John Andrews, No Other Home Than This: A History of European New Zealanders, Craig Potton Publishing, Nelson, 2009, pp. 364, ISBN: 978 1 877517 082 (hbk.). Paul Star Before his retirement, Professor John Andrews had a distinguished career as a zoologist at Victoria University of Wellington. His book, The Southern Ark, a history of zoological discovery in New Zealand, has had an honoured place on my shelves since its publication in 1986.[1] Over two decades later, here is a volume to place beside it. In this new book, Andrews bravely sets out to ‘describe how one group within this society [New Zealand], the pakeha or New Zealander of European ancestry, has colonised the country and learned something about it, changed it, adapted to it, and developed some affection for it’ (299). He is well aware that, ‘in a country keen to forge its own identity and make amends for its colonial history it has not always been politic to mention the European heritage’ (292). Andrews, however, wades into it. This takes him far away indeed from his home in suburban Auckland, since he begins with the origins of Homo sapiens in Africa. The first three chapters plot the temporal, spatial and cultural journey which led to some of these humans ‘becoming European’; only in part two of the book does Andrews describe the process whereby some of these European humans have landed up ‘becoming pakeha’. Andrews is intrigued that, after their lines of descent diverged near the River Indus about 75,000 years ago, European and Polynesian humans met up in New Zealand in 1642, having both reached these shores...

REVIEW: The Painted Garden in New Zealand Art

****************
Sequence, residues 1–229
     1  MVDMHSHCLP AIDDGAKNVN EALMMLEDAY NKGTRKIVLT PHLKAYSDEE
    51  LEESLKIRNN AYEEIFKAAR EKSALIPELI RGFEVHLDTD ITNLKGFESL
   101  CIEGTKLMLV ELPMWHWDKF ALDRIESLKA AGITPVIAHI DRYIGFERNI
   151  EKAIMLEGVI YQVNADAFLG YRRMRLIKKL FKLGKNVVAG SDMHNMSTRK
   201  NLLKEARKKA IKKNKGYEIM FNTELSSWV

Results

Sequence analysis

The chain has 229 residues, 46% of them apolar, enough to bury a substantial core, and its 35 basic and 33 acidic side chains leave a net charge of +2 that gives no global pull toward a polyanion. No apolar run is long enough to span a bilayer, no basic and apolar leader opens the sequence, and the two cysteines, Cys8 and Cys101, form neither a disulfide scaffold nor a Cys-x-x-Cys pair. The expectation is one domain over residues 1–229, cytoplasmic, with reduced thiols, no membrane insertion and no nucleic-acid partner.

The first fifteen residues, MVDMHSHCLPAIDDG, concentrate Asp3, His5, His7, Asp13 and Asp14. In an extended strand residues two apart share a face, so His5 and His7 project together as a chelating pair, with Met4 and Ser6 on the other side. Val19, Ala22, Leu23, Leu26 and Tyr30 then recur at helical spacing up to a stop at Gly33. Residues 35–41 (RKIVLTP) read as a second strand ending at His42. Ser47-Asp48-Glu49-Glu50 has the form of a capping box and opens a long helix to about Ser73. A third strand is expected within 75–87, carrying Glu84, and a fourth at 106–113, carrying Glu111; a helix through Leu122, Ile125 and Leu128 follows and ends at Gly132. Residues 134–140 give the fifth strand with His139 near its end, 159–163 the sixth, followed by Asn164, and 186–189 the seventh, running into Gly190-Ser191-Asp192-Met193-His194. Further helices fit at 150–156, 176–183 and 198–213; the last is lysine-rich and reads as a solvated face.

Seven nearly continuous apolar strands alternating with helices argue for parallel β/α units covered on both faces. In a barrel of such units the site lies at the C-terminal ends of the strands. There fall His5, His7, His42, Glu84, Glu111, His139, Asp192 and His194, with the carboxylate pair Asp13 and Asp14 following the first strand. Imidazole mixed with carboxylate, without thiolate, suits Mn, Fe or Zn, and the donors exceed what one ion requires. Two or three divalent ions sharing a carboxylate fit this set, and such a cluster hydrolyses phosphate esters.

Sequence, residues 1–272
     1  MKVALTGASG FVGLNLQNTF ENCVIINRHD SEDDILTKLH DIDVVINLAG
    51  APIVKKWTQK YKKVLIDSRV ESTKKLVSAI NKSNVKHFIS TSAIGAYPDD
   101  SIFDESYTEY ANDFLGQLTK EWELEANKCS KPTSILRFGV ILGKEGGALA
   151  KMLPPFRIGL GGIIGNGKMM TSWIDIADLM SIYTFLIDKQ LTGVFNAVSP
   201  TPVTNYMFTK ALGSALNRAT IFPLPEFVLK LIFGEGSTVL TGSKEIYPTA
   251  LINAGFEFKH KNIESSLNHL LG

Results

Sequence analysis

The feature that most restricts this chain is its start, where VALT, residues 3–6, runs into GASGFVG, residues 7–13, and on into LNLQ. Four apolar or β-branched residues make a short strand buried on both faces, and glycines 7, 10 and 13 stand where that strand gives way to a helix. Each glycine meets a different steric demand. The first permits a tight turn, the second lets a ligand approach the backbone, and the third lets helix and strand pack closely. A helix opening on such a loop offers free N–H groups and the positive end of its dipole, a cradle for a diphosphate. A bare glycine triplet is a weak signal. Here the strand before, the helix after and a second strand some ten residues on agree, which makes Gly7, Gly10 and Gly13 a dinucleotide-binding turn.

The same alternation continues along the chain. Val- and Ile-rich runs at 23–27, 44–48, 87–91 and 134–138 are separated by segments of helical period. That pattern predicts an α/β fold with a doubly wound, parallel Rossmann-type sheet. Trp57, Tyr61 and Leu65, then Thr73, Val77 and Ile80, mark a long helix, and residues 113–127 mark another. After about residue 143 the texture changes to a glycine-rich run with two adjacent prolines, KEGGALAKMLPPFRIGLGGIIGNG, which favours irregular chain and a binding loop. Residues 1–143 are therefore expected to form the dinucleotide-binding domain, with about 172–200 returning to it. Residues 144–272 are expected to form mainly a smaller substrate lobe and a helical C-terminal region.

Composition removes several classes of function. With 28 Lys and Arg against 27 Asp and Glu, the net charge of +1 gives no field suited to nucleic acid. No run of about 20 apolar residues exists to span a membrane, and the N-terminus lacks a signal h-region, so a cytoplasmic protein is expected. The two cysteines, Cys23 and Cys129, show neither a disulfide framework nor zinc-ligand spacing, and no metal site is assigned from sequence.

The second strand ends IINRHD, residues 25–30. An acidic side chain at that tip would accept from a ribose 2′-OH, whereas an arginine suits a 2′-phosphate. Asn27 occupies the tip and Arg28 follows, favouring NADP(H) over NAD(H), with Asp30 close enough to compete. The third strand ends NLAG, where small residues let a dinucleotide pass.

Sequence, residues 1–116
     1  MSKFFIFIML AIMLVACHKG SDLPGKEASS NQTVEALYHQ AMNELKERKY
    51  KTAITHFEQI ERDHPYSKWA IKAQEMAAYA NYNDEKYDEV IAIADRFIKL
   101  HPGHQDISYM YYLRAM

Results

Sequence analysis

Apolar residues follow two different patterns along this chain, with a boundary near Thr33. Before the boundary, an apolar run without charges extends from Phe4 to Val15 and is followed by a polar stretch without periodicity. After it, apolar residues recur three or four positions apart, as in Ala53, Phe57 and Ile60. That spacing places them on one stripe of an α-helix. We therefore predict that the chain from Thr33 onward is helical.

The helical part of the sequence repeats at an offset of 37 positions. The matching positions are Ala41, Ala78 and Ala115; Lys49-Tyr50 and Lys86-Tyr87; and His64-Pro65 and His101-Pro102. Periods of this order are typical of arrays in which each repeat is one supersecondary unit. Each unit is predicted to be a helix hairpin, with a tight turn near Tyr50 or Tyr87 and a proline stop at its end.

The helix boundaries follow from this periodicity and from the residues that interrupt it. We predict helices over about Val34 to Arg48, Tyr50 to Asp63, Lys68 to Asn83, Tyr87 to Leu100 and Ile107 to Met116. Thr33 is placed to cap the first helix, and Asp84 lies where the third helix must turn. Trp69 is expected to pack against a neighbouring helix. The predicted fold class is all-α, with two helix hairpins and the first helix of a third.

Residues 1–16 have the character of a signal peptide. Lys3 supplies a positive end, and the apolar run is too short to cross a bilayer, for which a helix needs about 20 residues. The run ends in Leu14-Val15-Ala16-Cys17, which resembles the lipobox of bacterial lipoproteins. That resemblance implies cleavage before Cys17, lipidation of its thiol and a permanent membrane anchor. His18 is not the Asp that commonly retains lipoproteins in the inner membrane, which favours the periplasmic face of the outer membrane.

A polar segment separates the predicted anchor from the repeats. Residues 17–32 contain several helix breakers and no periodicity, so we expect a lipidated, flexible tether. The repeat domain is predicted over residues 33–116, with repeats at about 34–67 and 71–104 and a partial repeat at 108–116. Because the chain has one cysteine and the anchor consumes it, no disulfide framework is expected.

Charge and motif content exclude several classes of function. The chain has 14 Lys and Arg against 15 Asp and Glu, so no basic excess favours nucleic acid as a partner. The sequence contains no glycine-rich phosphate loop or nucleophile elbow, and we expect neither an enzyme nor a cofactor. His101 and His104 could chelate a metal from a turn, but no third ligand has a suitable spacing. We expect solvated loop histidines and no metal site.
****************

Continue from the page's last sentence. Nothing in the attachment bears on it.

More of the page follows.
Christopher Johnstone, The Painted Garden in New Zealand Art, Godwit, Auckland, 2008, pp. 272, ISBN: 978 1 86962 141 4 (hbk.). James Beattie Christopher Johnstone’s The Painted Garden in New Zealand Art is a beautifully produced book that should appeal to lovers of gardens and garden art the world over. Containing over 100 artworks of New Zealand gardens from early colonial times to the present, The Painted Garden is testimony to the powerful place of garden-making in the New Zealand artistic imagination. An art historian and former Director of the Auckland Art Gallery (1988-1995), Johnstone selected the images for their innate aesthetic appeal as well as for their depiction of identifiable gardens owned by or known to the artist. A useful introduction surveys some of New Zealand’s main (European) garden history themes such as the vogue for the gardenesque, the introduction of exotics, and the initially gendered nature of botanical art, while each of the book’s five main parts is prefaced. Its five parts are organised into the following sections: the Early Artists (1830-1860); Later Nineteenth Century (1860-1890); Early Modern (1890-1940); Modern (1940-1970); Contemporary (1970-2008). A one-page discussion accompanies each image, placing it in its cultural, gardening and art historical setting. This allows Johnstone to guide the viewer through the image’s multiple layers and greatly enriches one’s appreciation of its aesthetic and historical significance. The book’s wide breadth, both temporally and stylistically, means that it provides a visual record of different pictorial traditions and garden styles. Traditional topographical images informed by European picturesque conventions can thus be compared with neo-pointillist garden depictions. Richard Kelly’s draughtsman-like depiction of semi-rural Dunedin...